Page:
Published Aug 15, 2013Keying into the desperate dreams of West Africans seeking greener pastures across the Atlantic, Moussa Toure has crafted a humble, elegant picture that puts its subjects before the demands of dramatic devices.
Though it's presented as a sea-faring survival story — and, stripped to the bone, that's precisely what it is — the peril that befalls the passengers of what's essentially a giant motorized canoe isn't what drives La Pirogue; it's the characters. What they hope and how they cope are paramount to the tale Toure is telling. This pertains to our time with them on land as much as it does at sea.
The relatively inexperienced (not that it shows) director takes his time setting the scene, ensuring a familiarity with the major players before asking us to sympathize with the great risk they're taking by embarking upon what they know to be such a foolhardy endeavour. Since we spend that time getting to know the economic climate of the village, along with the various expectations and aspirations of the villagers — some think football (soccer, as us North Americans call it) is the key to wealth and financial freedom; for another, it's music; and most just hope for enough work to support the families they're leaving behind — it's easy to understand the lure of such a dangerous journey.
Many motivating factors are based upon the simple hearsay that Spain will welcome able-bodied additions to the work force. Unlike the sheltered majority of the villagers, the wife of Baye Laye (Souleymane Seye Ndiaye), lifelong fisherman and reluctant ship captain, demonstrates a shrewd global awareness by suggesting her husband head for China instead of Europe, if he's serious about finding gainful employment. That booming Mecca of industry isn't a mere seven days away by boat though, so Spain it is.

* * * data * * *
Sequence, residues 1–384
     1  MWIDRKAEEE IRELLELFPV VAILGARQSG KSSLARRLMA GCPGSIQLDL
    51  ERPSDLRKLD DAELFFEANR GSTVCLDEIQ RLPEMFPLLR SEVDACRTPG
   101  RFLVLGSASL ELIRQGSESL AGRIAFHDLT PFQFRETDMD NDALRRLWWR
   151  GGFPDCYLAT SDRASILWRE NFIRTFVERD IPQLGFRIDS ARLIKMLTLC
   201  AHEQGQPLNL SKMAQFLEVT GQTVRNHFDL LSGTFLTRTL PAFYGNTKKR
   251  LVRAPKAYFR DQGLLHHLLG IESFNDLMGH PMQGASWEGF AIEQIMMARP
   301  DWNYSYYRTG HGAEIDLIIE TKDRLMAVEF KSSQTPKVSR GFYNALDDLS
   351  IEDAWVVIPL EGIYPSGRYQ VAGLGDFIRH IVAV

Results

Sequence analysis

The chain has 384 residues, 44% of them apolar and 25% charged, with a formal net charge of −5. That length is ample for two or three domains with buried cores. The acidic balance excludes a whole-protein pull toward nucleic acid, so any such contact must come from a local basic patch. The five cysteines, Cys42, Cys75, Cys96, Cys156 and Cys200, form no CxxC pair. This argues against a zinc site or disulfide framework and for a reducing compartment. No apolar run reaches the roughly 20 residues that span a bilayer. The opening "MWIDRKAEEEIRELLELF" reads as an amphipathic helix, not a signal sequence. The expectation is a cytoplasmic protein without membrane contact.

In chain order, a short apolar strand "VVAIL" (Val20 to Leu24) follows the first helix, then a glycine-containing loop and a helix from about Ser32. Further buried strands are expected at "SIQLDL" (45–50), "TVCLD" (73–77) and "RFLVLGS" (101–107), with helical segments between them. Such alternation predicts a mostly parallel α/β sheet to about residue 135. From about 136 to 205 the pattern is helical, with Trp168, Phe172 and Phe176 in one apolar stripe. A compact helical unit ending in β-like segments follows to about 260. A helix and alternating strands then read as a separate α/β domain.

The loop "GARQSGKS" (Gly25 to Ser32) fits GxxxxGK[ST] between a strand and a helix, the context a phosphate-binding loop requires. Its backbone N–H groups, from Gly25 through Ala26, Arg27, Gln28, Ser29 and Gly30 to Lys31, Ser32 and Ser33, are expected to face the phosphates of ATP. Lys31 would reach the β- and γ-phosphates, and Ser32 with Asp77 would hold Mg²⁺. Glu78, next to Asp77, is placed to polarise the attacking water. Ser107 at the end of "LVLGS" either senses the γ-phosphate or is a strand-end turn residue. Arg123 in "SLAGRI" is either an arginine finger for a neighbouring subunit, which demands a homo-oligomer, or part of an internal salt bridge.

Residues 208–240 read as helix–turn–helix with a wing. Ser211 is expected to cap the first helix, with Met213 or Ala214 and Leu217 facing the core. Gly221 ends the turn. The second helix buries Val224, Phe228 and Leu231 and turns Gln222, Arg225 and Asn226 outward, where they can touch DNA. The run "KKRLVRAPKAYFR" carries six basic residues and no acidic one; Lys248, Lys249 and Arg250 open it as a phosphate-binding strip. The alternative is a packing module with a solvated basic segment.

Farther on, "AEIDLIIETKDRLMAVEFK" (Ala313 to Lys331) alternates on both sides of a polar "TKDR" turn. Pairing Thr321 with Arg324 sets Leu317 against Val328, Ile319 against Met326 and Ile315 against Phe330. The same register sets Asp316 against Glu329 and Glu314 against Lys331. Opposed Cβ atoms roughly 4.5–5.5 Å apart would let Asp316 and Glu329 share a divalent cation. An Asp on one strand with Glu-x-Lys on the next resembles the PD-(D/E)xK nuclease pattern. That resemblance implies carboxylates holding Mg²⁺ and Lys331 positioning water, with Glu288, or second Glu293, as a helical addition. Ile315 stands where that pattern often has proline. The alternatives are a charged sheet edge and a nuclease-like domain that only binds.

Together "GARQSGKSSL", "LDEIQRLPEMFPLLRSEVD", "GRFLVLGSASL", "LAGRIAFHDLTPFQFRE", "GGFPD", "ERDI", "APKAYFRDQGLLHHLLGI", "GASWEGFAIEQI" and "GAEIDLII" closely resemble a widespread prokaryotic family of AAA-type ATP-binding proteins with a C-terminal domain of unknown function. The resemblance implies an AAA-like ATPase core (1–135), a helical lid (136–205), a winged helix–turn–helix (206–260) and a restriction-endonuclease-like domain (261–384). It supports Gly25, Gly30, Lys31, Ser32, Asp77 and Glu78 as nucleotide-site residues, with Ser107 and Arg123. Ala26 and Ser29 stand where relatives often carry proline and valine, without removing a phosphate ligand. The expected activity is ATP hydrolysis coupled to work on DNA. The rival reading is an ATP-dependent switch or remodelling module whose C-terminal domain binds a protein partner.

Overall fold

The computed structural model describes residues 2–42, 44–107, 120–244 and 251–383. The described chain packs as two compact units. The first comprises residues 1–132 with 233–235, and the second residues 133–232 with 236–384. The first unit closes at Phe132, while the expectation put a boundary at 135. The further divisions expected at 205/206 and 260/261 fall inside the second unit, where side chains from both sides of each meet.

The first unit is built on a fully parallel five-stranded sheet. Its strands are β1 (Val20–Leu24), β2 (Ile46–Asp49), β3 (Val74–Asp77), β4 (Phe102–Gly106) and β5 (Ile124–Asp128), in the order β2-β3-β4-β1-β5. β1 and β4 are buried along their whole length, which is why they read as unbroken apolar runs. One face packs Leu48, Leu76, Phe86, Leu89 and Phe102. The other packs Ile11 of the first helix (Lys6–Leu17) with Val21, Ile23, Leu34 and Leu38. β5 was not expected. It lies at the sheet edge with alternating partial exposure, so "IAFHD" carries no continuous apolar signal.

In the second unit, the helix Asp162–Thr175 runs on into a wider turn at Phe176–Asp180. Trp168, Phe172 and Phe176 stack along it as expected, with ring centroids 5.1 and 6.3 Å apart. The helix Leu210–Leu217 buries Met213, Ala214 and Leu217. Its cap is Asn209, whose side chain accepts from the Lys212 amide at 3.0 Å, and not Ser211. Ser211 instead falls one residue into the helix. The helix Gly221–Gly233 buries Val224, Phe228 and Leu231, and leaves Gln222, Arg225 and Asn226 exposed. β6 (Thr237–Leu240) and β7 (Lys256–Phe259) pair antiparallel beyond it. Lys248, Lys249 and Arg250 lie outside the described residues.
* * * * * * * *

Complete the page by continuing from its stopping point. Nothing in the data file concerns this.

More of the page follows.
Once the rickety vessel is on the water, alpha-male clashing begins almost immediately, with inexperienced sea-faring hustler Lansana (Laity Fall) challenging the captain's authority on all matters, save navigation. Compounding tensions, some of the passengers have never even seen the ocean before and the daunting vastness of perpetually moving liquid proves more than at least one man can handle. Furthermore, the lines of tribal allegiance and mistrust run deep among the passengers, with French serving as the common tongue between them.
However, Toure's observational vision never succumbs to sensationalistic plotting tactics like overt insurrection or violent xenophobia. What binds these people together — the universality of song and dance especially — is as important as what sets them apart.
Professionally shot and edited with an eye for natural beauty, La Pirogue has a clear objective: in celebrating the unique spirit and customs of his people, Toure is showing anyone who cares to look why home and culture are worth struggling to preserve. (ArtMattan)